Purpose: Research evidence has identified practices across the care continuum which can improve the chronic condition of stroke; however, challenges remain to implementing this evidence. The two research projects presented evaluated whether facilitation can increase evidence-informed stroke care.
Theory: The Promoting Action on Research Implementation in Health Services framework was used to design and evaluate the facilitation strategies.
Methods: Project one evaluated the effect of a knowledge network, centralised around a knowledge broker, on increasing the awareness and application of evidence across the health care system. Project two used an interactive workshop to help family practitioners contextualise best practice recommendations for the secondary prevention of stroke. The research projects were conducted in primarily rural areas of Canada, and used mixed methods for evaluation.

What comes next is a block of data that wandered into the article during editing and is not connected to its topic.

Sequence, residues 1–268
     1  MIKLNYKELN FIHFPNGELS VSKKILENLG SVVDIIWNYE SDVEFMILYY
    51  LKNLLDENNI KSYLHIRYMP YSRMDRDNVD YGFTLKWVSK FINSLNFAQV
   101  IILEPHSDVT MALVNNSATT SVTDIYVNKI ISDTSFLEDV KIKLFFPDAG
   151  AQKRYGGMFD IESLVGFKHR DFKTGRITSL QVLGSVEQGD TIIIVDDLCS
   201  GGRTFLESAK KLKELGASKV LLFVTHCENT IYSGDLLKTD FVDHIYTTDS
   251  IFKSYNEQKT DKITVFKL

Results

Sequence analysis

Results and Conclusions: The results indicate that the knowledge broker/network intervention effectively increased the awareness of evidence, and stimulated improvements in stroke care through increased communication networks. The workshop increased practitioner knowledge and support for health system changes necessary for integrated stroke care. The evaluation identified health-system barriers which affect implementation.
Discussion: These findings identify the need and methods for improving communication, which if implemented can reduce health system barriers to improving integrated stroke care.
Presentation slides available from: http://www.integratedcarenetwork.org/Sweden2008/slides/01-03-warner.ppt